Mr. Terry says this about the adoption of the Garner Motion on the Baptist Faith and Message at this summer's Southern Baptist Convention in San Antonio:
It is hard to understand the vote by the messengers as anything other than their expression of unhappiness and rebuke to the trustees involved for arbitrarily excluding Bible-believing Southern Baptists from service because of a practice most consider a secondary issue on which disagreement is allowed.
Anyone who reads the transcript of the debate in a non-biased, non-partisian fashion would draw the same conclusion of Mr. Terry. Dr. Al Mohler seemed to dismiss the messengers concerns by saying in his seminary 'report,' “We know who you are and what you expect of us". The editor of the editor of The Alabama Baptist responds to Dr. Mohler's statement with erudite logic:
Some ask if the trustee boards in question really do “know who you (Southern Baptists) are and what you expect of us” in light of the recent LifeWay Christian Resources study that found about 50 percent of Southern Baptist ministers believe a private prayer language could be a legitimate spiritual gift.
I would simply add if Dr. Mohler knows 'who we are' (meaning 'Southern Baptists' who don't practice 'tongues' in public or private), then why does he have C.J. Mahaney speak at his Southern's campus chapels and revivals - a man who not only speaks in tongues but advocates quite clearly that any teaching this gift has ceased is contrary to the teaching of Scripture.
Read carefully. I am one of C.J. Mahaney's biggest fans. I am glad he speaks at Southern. What bothers me is that Dr. Mohler desires the freedom to have a person who speaks in tongues to be able to teach his seminary students, but he believes it is appropriate for a trustee board to forbid Southern Baptists who speak in tongues PRIVATELY from serving on the mission field.
If there is not some kind of convention control on the establishment of tighter doctrinal boundaries for Southern Baptist missions and ministry service, then any board or insitution can mandate doctrinal requisites that have nothing to do with the BFM. The convention should have the final say on the boundaries of cooperation in terms of 'doctrine,' not the autonomous insititutions.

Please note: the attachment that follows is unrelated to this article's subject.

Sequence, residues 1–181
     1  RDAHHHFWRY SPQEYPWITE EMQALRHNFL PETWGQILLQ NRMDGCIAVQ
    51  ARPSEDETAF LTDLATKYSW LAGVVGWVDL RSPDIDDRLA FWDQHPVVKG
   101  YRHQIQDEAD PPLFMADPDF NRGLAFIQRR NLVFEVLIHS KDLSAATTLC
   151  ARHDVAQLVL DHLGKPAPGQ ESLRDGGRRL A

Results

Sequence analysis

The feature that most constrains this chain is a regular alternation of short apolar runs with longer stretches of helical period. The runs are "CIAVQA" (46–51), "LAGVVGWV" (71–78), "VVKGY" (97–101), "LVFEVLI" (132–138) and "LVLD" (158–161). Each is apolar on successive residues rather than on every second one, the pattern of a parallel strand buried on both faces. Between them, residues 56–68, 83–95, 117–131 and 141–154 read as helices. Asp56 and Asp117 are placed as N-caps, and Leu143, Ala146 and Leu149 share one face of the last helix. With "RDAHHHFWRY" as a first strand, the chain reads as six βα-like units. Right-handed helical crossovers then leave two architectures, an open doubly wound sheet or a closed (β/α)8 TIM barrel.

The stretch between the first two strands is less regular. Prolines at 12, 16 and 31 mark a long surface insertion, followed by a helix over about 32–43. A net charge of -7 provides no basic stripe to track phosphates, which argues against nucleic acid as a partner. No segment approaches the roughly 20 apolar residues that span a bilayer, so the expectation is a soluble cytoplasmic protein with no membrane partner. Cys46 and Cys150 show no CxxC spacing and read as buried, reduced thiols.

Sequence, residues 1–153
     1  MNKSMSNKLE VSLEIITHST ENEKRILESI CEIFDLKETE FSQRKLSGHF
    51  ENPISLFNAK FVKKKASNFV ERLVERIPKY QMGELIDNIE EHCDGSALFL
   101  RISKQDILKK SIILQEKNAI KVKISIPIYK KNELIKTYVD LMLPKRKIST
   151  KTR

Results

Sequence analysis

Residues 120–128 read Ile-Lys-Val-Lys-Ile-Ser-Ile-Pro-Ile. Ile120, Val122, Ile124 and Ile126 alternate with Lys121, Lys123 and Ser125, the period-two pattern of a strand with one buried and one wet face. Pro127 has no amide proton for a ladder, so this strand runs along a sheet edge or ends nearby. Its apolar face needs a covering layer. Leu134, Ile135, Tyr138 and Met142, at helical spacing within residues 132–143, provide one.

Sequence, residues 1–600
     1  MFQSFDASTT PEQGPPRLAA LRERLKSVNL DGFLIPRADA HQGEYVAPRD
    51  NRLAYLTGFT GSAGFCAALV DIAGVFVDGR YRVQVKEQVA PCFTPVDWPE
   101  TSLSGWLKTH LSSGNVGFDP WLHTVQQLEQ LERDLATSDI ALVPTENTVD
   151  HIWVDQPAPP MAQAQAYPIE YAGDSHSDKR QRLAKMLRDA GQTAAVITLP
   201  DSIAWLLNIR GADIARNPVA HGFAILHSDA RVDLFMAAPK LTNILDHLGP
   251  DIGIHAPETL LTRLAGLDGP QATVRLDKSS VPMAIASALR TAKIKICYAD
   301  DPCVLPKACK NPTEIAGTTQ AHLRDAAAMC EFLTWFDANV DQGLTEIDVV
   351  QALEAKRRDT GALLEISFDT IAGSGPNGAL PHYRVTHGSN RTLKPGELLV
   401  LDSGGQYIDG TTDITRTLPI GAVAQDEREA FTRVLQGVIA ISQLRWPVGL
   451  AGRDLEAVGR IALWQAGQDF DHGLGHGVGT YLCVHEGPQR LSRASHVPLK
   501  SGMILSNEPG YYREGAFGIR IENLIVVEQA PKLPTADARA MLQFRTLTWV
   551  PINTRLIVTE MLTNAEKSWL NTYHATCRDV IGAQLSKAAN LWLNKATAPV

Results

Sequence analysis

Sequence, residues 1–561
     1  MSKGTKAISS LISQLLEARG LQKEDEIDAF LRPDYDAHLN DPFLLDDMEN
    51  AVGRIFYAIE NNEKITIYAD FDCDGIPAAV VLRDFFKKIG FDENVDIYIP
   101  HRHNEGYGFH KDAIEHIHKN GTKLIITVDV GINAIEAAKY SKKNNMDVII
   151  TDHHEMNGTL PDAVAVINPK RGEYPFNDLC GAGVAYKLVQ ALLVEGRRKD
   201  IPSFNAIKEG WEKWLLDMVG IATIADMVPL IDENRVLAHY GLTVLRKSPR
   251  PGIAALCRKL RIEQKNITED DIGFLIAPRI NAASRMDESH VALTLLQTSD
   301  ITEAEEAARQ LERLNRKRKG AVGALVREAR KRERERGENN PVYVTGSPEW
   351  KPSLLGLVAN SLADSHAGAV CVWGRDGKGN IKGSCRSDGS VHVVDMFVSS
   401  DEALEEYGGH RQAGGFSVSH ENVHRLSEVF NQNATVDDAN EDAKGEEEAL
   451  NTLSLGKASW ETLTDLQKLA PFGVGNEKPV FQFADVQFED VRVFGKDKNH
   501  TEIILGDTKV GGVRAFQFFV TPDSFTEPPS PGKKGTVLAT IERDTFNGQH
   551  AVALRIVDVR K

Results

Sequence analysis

Dr. Morris Chapman, expressing the same belief as the editor of The Alabama Baptist regarding the motion, said,
“Other doctrines are beginning to be required aside from our adopted confession. It causes one to ask, ‘Where does it end?’”
May I answer that question?
(1). It ends when everyone looks the same, acts the same, and believes the same.
(2). It ends when everyone is the same in terms of soteriology.
(3). It ends when everyone is the same in terms of eschatology.
(4). It ends when everyone is the same in terms of ecclesiology.
(5). It ends when everyone is the same in terms of pneumatology.
(6). It ends when everyone is the same in terms of theology.
(7). It ends when everyone is the same in terms of . . . .
The Southern Baptist Convention is ceasing to be a convention of loosely knit autonomous churches of Bible-believing Southern Baptists who cooperate in spite of differences on secondary issues because disagreement is allowed, and we are becoming a much smaller convention (8,000 messengers in TEXAS) of controlled churches and pastors who are demanded to conform to all secondary and tertiary doctrinal issues before there is ANY cooperation in missions and evangelism ministry because those in charge say to us 'we know who you are and what you expect of us.'
There is a Greek word for that kind of thinking. :)
In reality, there are some who think they know best what Southern Baptists should be and are orchestrating trustee boards to reflect their view of 'doctrinal purity.'
It's past time for that to stop.
We'll see very soon (July 16-18 in Richmond, Virginia) if the trustee boards got the message.
In His Grace,